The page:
I presume a field delimiter could be one or multiple blanks ( or possibly “=” or a comma or a numeric operator + - * / or ^ ?)

A real value must be numeric ( and contain a “.” ? ) ( “1e3” or “1d3” can be ambiguous )

Many years ago, I wrote a parser for “free format” input, ( based on blanks or comma delimiters ) then being lazy, I tried to test each field as numeric by reading it for a real value as in

character field*20 
read (field, fmt='(f20.0)', iostat=iostat) val " 
if ( iostat == 0 ) then
!  have a numeric value

This worked well on the compilers I was using at the time, until I tried an IBM Fortran 77 compiler where iostat=iostat would not report a numeric conversion error, but just crash !
The standard apparently states that the response for iostat= is “processor dependent” !
That experience has scared me for life, as I was not expecting such a weak interpretation of the standard.
There are helpful/good compilers and there are unhelpful/poor compilers.

I would say first that the problem has not been clearly specified. For example, is the field right before the two real numbers always ‘unit2’, or is it supposed to be some arbitrary field? If it is always ‘unit2’, then the simplest solution has already been posted by septc.

On the other extreme, is you don’t know how many items there are or their values, then the simplest approach is probably to read the entire line (in which case you must know the maximum line length ahead of time), and then scan that line backwards to extract the last two items. Actually, in your example, it looks like you need the last THREE items, two of which are the real numbers you want plus the trailing ‘)’. To do that scan, you must know what delimits the items. Is it just spaces, or can it include combinations of spaces and commas, following standard fortran list-directed i/o conventions? Or can it also include tab characters or other application-specific delimiters, such as ‘=()/’?

Then, it gets even more complicated if you are trying to mimic the full list-directed i/o conventions of repeated commas and repetition counts.

All of these can be done with the intrinsic string processing operations within fortran. But you need to actually specify the problem fully to know which approach to take. Compared to other languages and utilities, for example like perl or awk, the only important missing feature is regular expression parsing. That could actually be used in this example to advantage if it were available, but it would not simplify all the possible cases (e.g. handling repeated commas and repetition counts is still difficult).


I think what you are referring to is similar to a discussion a while ago at comp.lang.fortran, see this link:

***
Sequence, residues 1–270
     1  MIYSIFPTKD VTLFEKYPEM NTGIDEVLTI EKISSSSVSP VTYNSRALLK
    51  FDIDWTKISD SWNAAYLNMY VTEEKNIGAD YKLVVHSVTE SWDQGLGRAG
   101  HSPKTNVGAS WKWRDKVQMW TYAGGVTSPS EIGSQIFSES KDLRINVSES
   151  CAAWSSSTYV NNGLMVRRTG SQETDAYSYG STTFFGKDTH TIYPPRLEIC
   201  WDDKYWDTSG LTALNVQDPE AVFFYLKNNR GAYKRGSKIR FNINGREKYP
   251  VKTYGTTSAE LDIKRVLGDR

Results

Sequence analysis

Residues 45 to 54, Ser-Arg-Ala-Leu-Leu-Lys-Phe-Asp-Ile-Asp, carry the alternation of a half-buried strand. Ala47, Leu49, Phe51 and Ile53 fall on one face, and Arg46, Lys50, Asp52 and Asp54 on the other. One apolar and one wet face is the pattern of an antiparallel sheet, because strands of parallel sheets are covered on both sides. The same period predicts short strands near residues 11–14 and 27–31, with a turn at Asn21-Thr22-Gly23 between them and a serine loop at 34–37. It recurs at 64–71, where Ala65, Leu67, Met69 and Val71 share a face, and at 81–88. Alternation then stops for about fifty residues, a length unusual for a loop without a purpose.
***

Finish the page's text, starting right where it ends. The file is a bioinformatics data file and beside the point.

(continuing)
What you will notice is there are currently several “string” library solutions out there that you can evaluate. StringiFor is one you can immediately consider:

Most or all of them include procedures similar to the “split method” in Python. If you don’t like the available solutions out there, you can roll your own also.

Another option is to wait X years where X can be anywhere from 1 to >15-20 years or forever depending on the compiler of your choice where you make use of the TOKENIZE intrinsic introduced with Fortran 202X. This intrinsic can enable what you are looking for.

I don’t have any copyright to a library solution I had helped a team develop to be able to post the working code here but I was able to temporarily gain access to it and try it out enough to illustrate what I think is the need here. The code was along the following lines:

   use string_m, only : string_t

   type(string_t) :: dat
   character(len=1), allocatable :: delimiters(:)
   type(string_t), allocatable :: tokens(:)
   real :: x, y

   ! assume the line from the 'line.dat' file has been read into a CHARACTER variable
   ! simulated here as a literal constant
   dat = "( v=  1) w = 2.843 unit1 = 5.867 unit2  4.567 1.232 )"
   delimiters = [ "(", " ", "=", ")" ]
   call dat%split( delimiters, tokens )
   ! error handling elided

   associate( val => tokens(size(tokens)-1)%s() )
      read( val, "(f5.3)" ) x
      print *, x
   end associate

   associate( val => tokens(size(tokens))%s() )
      read( val, "(f5.3)" ) y
      print *, y
   end associate


The program output was

Press any key to continue . . .

You will notice the above library solution uses an array of delimiters to split a string into an array of tokens. It then takes the last two and performs a Fortran internal IO on the string representation to read them.into floating-point objects.

I think this is what you are looking for, Fortran nearly has it. Too bad and a shame it is not intrinsic yet in standard Fortran and there is no intrinsic (built-in) string type to make such string manipulation a breeze for the users.